This project would require a team of skilled craftsmen and craftswomen. These chosen people with special occupations that God called upon were artisans and construction workers, what we would call “blue-collar” workers—or in the military, enlisted. These are the kinds of talented people that were needed: carpenters, furniture makers, metalworkers, jewelers, those who could make curtains and garments, embroiderers, and perfume makers. Every one of these laborers were necessary to get the tabernacle done safely, on time, and under budget. Their work mattered to God. 

The big picture was that the tabernacle would be the centerpiece of the Israelites’ temporary home in the wilderness. Wherever they would go, the presence of God would rest on this portable temple.  It would be the place where “They will know that I am the LORD their God, who brought them out of Egypt so that I might dwell among them, I am the LORD their God” (Ex. 29:45-46). 

Next, let us take a brief look at a New Testament passage where a similar pattern emerges, that each individual’s contributions are worthy of respect and are invaluable to the success of the whole.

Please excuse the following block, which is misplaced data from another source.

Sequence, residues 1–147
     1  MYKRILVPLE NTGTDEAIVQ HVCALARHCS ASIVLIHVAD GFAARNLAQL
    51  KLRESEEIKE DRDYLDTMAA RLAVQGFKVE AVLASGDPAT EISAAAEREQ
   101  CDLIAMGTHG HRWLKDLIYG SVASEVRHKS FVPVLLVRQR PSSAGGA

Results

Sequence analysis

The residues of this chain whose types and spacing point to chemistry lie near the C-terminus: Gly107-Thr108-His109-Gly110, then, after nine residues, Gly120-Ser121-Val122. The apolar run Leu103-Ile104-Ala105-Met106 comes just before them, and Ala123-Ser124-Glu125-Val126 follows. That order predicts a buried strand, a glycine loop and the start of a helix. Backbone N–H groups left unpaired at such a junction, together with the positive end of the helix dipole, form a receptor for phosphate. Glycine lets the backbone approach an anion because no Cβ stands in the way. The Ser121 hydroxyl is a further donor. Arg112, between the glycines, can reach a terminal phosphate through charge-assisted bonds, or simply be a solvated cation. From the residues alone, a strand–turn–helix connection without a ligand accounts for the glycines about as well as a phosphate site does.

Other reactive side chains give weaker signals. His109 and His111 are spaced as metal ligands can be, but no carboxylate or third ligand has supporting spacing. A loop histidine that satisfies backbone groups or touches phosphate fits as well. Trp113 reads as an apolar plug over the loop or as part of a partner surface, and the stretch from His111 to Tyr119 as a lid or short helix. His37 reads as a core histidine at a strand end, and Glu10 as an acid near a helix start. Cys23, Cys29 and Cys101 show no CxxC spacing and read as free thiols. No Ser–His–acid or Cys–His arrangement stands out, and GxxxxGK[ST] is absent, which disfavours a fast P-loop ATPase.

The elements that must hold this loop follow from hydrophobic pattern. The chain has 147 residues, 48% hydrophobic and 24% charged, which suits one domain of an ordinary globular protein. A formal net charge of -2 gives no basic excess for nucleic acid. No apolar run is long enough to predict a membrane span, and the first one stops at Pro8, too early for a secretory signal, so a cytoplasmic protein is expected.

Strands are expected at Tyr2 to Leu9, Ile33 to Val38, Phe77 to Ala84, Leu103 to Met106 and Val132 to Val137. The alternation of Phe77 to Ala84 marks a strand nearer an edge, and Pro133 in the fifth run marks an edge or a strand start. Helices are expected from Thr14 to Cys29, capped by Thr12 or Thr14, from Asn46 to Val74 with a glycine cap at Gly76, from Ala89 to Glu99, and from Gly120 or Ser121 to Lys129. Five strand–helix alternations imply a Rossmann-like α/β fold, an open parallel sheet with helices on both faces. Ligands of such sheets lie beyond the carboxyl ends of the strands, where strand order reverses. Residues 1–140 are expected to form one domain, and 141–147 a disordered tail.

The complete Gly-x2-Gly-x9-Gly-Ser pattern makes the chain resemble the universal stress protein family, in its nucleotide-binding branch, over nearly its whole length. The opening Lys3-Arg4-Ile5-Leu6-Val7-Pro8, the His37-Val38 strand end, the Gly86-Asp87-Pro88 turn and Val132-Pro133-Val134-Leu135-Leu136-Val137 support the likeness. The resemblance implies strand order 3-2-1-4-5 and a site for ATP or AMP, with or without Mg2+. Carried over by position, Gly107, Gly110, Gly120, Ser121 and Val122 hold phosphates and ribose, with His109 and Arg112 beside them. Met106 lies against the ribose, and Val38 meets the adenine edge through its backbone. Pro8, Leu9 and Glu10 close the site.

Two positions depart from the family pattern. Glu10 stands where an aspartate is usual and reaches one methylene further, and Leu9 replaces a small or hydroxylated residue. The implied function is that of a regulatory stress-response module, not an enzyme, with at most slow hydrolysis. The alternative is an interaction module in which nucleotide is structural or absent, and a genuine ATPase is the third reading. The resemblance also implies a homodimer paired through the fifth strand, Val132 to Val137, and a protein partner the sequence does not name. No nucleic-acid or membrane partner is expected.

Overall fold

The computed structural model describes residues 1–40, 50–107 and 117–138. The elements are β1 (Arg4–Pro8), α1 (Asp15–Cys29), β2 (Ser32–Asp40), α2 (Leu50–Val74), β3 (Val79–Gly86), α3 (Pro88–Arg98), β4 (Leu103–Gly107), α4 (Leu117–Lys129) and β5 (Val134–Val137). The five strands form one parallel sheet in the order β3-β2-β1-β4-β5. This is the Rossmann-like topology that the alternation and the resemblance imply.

A Warning from the Apostle Paul

As part of a recurring discussion addressing unity in the local church, Paul taught on the value of each member of the body of Christ. In 1 Corinthians 12:12-26, Paul compares them to parts of the human body. He instructs those who see themselves (in their own assessment) to be small and insignificant. His admonition to them is this: don’t discount your contribution or wish you were some other part.

Paul understood the value of each members’ contribution. Each one has purpose and function. The whole body cannot do what it needs to do without the work of each individual part. In the same way, members of a unit, ship, or team can accomplish the mission only when each one does his or her job.

Challenging Application

It is easy for some people to miss the impact of their contributions to their unit of assignment. The personnel paperwork that my father-in-law did for his ship would have made it possible for sailors to get paid, to go on leave, to get promoted, to receive evaluation reports, to put awards they earned into their official records, and to ensure their families received life insurance if something happened to them.

Those actions increased the readiness and morale of that unit, which enabled them to do what they were designed to do: to protect our assets at home and abroad. This mountain of paperwork that was generated, handled, approved, sent up, and filed was necessary to take care of people who mattered.

I don’t know which job you have done in the military, but I do know that the mundane work you selflessly did to take care of people, equipment, plans, or operations kept your unit moving forward. I thank God there are people like you to maintain the justice work that God needs done in this world.